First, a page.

If you have ever walked into your kitchen, seen a plate of cookies on the counter, and eaten them just because they are there in front of you, then you understand the power of location on our behavior. In my opinion, location (i.e. environment) is the most powerful driver of mindless habits and also the least recognized. In many cases, our habits and behaviors are simply a response to the environment that surrounds us.

Here is one way to use location as a tool to your advantage. When its time to workout, I head to the garage and begin to set up my workout routine for the day. The location and simple act of writing down what I am going to be doing is a simple habit trigger that helps prompt my workout routine.

Time is perhaps the most common way to trigger a new habit. Common morning habits are just one example. Waking up in the morning usually triggers a cascade of habits: go to the bathroom, take a shower, brush your teeth, get dressed, make a cup of coffee, etc.

But what about when it’s not serving a healthy habit?  Let’s say when dinner rolls around, your mind begins to crave wine (this is me). Now, you can get rid of a time of day, so you need to replace it with something. Maybe you don’t get a glass of wine but you can have a Kombucha in a wine glass. You must get rid of all the wine in the house and fill your fridge with drinks you can get excited about.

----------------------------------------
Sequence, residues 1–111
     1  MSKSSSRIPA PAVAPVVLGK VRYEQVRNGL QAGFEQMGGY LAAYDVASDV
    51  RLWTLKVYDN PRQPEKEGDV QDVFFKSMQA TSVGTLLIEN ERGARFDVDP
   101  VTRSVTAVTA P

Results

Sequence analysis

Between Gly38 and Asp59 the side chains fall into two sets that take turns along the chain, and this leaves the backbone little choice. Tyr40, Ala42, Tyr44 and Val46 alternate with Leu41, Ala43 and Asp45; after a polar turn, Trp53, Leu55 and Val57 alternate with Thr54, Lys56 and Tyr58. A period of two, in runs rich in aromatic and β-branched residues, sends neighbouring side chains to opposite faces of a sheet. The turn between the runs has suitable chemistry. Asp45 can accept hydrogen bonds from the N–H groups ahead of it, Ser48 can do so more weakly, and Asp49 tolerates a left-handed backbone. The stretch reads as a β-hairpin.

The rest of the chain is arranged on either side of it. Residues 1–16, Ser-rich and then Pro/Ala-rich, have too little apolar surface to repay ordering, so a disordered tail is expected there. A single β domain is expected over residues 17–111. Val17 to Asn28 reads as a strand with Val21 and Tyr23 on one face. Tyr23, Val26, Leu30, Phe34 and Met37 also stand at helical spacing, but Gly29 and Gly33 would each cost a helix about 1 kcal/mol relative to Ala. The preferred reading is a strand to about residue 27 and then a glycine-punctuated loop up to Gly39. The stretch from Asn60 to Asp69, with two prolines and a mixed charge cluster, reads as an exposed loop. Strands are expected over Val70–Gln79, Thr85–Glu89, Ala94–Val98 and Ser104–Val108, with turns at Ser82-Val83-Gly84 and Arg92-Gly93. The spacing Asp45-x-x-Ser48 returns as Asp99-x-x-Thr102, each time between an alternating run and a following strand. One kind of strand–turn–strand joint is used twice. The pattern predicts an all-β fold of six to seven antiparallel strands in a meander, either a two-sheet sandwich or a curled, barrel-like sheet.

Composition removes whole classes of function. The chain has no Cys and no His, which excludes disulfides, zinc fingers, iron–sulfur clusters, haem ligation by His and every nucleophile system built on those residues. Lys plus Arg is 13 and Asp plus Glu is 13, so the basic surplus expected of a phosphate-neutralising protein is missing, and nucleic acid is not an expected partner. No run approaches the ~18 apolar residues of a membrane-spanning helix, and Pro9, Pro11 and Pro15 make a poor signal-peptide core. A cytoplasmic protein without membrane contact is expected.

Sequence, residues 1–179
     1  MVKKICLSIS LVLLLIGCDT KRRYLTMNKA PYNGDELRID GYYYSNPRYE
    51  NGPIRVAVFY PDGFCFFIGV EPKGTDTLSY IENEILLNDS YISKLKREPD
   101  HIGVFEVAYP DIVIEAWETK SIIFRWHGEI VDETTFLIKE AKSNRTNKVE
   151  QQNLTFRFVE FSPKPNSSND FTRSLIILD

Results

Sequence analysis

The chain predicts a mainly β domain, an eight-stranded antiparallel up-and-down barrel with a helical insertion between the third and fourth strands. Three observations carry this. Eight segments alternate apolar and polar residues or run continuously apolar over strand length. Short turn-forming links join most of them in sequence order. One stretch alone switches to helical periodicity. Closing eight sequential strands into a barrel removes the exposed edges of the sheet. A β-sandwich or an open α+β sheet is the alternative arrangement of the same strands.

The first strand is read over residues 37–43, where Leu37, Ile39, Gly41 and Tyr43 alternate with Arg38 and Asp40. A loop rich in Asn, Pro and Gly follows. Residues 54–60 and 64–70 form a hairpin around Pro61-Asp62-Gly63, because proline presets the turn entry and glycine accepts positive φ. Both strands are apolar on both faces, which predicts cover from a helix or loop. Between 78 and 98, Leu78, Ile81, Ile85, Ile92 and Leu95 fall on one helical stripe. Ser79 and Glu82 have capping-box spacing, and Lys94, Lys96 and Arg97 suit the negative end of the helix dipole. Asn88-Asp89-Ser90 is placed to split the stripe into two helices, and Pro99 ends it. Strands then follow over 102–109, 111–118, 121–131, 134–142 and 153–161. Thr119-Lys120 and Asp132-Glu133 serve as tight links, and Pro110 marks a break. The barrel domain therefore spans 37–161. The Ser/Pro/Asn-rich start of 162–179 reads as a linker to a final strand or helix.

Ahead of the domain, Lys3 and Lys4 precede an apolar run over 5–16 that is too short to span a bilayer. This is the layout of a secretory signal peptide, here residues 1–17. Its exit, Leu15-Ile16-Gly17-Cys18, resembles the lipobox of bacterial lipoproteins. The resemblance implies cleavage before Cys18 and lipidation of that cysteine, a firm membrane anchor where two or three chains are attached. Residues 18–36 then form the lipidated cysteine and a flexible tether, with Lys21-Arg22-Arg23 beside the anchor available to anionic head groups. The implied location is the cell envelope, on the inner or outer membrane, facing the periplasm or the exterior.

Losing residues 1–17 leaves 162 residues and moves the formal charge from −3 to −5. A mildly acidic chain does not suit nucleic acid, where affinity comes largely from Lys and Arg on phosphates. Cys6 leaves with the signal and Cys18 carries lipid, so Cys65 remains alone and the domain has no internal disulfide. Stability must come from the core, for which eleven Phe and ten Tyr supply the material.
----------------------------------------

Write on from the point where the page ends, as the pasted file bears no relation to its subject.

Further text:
When it comes to changing our behavior, we all need to find out what works for us. What I have found works for me, is setting up a bulletproof system, tweaking it until it feels right, then relaxing into the habits.

Start somewhere and start now.

“Hesitation is the kiss of death. You might hesitate for a just nanosecond, but that’s all it takes. That one small hesitation triggers a mental system that’s designed to stop you.” – Mel Robbins

There is no amount of reading or a specific method that is going to make it easy. Motivation is BS. Take a lesson from Mel Robin’s 5 Second Rule. You create energy from your actions. The small right choices add up and create momentum. So take a step in the right direction. Take a step to the better version of you. If you slip up, whatever, you are human. Craft a better game plan for you that can be so bulletproof, its difficult to fail. You’ve got this.


“You aren’t battling your ability to stick to a diet, execute a business plan, repair a broken marriage and rebuild your life, hit your goals, or win over a bad manager- you are battling your feelings about doing it. You are more than capable of doing the work to change anything for the better, despite how you feel. Feelings are merely suggestions, ones you can ignore. To change you must do the same, you must ignore how you feel, and just do it anyway.” 
― Mel Robbins

If any of this information resonated with you, check out the books I reference below. They are hugely powerful in the way I navigate my world and I hope they can serve you as they have me.